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ANALYSIS: A Halftime Look at the SEC Investment Advice Rules

Jan. 21, 2020, 11:46 AM

Midway through 2020, investment professionals must comply with the SEC’s much ballyhooed—and criticized—rulemaking package on conduct standards and disclosures. The package includes, among other requirements, Regulation Best Interest (Reg BI). With compliance due in about five months, now is a good time to take a look at the long and winding road that led us to this point, and to take a quick look ahead.

Where We Started

In June 2019, the SEC issued its new standards package for brokers and investment advisers. The initial package totaled more than 1,300 pages; in September 2019, the SEC posted individual releases to the Federal Register to cover the main components:

Regulation Best Interest (Reg BI): The centerpiece of the package imposes an enhanced standard of conduct for broker-dealers’ recommendations to their retail customers.

When making a recommendation to a retail customer, defined as an individual who uses the information “primarily for personal, family, or household purposes,” a broker-dealer may not place its financial or other interests ahead of the interests of the customer. The broker must also establish, maintain, and enforce written policies and procedures reasonably designed to identify and disclose material conflicts of interest.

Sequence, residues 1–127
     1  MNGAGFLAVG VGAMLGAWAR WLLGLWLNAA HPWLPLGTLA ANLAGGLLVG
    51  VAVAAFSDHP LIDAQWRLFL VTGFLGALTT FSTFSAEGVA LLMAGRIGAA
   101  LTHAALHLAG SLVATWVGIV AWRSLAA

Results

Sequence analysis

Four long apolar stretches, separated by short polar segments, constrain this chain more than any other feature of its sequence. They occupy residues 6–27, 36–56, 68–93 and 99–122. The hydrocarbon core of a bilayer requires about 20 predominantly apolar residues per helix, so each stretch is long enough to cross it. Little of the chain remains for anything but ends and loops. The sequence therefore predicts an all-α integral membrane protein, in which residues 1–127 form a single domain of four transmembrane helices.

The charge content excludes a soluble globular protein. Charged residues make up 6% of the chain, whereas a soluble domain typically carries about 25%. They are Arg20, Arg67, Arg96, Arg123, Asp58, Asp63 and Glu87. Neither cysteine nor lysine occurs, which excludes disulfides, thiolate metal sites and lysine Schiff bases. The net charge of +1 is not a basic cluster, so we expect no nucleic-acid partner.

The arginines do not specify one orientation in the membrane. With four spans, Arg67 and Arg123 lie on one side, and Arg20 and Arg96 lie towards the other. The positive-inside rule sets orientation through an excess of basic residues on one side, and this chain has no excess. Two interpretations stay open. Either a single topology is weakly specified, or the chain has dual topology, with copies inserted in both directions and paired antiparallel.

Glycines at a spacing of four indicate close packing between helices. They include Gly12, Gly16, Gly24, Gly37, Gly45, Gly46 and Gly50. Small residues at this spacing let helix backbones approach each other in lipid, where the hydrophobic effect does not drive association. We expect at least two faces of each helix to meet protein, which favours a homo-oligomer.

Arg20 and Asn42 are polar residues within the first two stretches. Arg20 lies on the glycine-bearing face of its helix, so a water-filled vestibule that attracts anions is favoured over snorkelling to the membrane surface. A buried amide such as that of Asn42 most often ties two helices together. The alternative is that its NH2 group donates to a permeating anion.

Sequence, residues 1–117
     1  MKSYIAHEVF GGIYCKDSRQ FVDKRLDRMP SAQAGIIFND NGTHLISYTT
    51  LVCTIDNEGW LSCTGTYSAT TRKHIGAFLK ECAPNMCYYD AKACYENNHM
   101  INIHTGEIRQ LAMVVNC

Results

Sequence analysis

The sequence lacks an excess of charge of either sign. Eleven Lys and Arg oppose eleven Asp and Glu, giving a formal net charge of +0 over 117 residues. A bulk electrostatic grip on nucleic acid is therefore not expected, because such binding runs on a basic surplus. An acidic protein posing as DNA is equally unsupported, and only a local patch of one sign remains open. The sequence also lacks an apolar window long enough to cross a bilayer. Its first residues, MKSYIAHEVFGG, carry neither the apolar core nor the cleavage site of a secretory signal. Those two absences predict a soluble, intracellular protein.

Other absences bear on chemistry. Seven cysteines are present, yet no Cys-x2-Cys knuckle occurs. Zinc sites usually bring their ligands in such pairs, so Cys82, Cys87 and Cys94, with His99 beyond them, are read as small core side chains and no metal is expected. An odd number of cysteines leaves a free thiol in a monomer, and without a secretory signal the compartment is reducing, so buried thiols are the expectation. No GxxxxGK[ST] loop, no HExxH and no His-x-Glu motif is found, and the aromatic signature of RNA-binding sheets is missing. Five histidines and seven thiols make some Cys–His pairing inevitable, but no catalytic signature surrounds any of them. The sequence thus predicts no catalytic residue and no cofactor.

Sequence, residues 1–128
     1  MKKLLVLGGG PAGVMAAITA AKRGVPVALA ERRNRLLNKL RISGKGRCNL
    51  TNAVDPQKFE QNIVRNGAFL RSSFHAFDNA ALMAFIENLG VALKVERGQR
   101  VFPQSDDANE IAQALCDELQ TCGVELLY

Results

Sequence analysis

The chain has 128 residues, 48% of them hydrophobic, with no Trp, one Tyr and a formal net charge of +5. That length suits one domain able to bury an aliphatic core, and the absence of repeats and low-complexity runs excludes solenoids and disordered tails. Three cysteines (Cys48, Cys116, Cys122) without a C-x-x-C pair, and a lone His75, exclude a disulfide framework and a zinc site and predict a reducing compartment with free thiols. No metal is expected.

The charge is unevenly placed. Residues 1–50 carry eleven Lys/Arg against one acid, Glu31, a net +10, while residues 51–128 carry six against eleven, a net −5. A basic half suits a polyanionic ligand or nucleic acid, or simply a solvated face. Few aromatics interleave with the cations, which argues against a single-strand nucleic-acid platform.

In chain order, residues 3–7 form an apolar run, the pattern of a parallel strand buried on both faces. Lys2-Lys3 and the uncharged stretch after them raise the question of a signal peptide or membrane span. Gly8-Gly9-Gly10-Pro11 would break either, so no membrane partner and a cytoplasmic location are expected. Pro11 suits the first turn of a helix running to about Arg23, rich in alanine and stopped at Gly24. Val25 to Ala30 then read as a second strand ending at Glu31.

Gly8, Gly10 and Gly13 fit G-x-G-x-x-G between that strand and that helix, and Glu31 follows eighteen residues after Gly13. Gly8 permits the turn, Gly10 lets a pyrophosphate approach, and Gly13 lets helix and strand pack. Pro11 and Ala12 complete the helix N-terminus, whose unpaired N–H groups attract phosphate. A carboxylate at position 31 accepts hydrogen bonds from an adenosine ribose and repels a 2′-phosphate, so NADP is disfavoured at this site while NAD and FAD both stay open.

While Reg BI calls for the identification and disclosure of such risks, it does not require the broker to mitigate or eliminate the risks.

Form CRS Relationship Summary: Form CRS requires broker-dealers and investment advisers to provide a client relationship summary to retail investors. The SEC intends for the form to better inform retail investors about the types of client and customer relationships and services the firm offers, along with fees, conflicts of interest, and required standards of conduct. The form also requires disclosure of whether the firm and its professionals currently have reportable legal or disciplinary histories.

Interpretation regarding the standard of conduct for investment advisers: This interpretation reaffirms and, in some cases, clarifies the SEC’s views of the fiduciary duty that investment advisers owe to their clients under the Investment Advisers Act of 1940 (Advisers Act).

It compiles various citations and established principles and, according to the SEC majority, does not break new ground. The release serves to express in one place the SEC’s long-held view that an adviser must, at all times, serve the best interest of its client and may not subordinate a client’s interest to its own, or place their interests ahead of the interests of their clients.